Processing Aircraft Aluminium With the Chemical Etching Process

Aluminium is the third most abundant chemical element in the earth’s crust. It is rarely found in its native state but is found combined in over 270 different materials, the most common being bauxite.

In the modern era the term aluminium is more likely to refer to a vast range of aluminium alloys where its presence brings a combination of light weight and corrosion resistance. copart

The terms Aircraft Aluminium or Aerospace Aluminium generally refer to alloy 7075, an aluminium alloy that incorporates zinc, magnesium and copper along with minor amounts of iron, silicon, manganese, titanium, chromium and other metals. This alloy exhibits exceptionally high strength but there are several other aluminium alloys that are commonly used in aircraft and aerospace structures.

The Chemical Etching Process

Chemical etching is a subtractive, tightly controlled corrosion process that can produce highly complex metal parts with very fine detail accurately and economically. For thin gauge precision parts, chemical etching can offer a more cost effective alternative to stamping, punching, laser or waterjet cutting.

Many chemical etching companies claim to be able to etch aluminium. If it is not that difficult, then why do we not see many more etched aluminium components? The answer lies in the problematical nature of the process in terms of speed, a major factor that affects its the commercial success.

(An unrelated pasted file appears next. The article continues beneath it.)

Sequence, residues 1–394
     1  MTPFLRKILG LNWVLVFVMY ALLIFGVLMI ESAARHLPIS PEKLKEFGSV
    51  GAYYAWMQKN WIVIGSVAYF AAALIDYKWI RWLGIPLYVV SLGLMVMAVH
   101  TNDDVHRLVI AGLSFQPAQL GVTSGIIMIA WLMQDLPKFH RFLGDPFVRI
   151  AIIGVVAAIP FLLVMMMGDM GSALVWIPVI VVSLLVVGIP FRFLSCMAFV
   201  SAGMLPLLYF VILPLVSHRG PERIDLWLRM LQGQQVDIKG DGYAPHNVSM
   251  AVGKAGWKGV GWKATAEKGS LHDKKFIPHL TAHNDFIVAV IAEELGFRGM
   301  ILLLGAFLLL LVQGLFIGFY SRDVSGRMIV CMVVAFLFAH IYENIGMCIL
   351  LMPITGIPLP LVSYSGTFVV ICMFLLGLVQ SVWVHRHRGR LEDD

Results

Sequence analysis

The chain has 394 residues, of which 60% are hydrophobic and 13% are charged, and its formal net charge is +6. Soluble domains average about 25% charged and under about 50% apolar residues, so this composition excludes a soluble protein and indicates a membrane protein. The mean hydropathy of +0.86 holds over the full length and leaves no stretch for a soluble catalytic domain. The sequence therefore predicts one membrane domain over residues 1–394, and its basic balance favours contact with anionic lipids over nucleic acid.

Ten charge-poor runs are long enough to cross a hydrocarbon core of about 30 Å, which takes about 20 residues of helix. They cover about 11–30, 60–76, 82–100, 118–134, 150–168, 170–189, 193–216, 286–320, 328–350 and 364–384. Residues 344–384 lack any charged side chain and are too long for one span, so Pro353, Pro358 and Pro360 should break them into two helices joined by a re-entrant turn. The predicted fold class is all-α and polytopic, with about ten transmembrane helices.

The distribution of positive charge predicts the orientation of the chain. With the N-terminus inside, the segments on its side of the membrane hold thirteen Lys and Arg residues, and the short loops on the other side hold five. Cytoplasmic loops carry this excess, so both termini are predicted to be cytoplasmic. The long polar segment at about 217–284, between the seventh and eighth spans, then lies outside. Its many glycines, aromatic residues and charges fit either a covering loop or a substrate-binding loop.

Aluminium and its alloys have always proved difficult to machine in a conventional way, in view of their ductility and predisposition to ‘pick-up’ on the tool face. Similarly with etching… the process is not simple.

With so may alloy formulae available it is invariably necessary to modify the etchant chemistry in order to optimise the etching process for each alloy combination.

In order to achieve success, the chemical etcher must have a thorough understanding of the process requirements, the knowledge resource develop multiple solutions and an innovative approach to etchant chemistry. woles4d

One innovative application for etched aerospace alloys is in printed circuit, liquid-to-liquid heat exchangers, which use aluminium in preference to other metals because of its light weight. Liquid cooling provides significantly better performance than air cooling alone; can be insensitive to altitude and allows engineers to optimise critical system performance.

However, Aircraft Aluminium is not the exclusive property of the aerospace industry. 7000 series alloys such as 7075 are often used in marine and automotive applications due to their high strength-to-density ratio. This combination is also favoured in other fields such as the military. Aluminium kozijnen

Lee Weston is Marketing Coordinator at Precision Micro, Europe’s leading chemical etching company.


Related Posts

Leave a Reply

Your email address will not be published. Required fields are marked *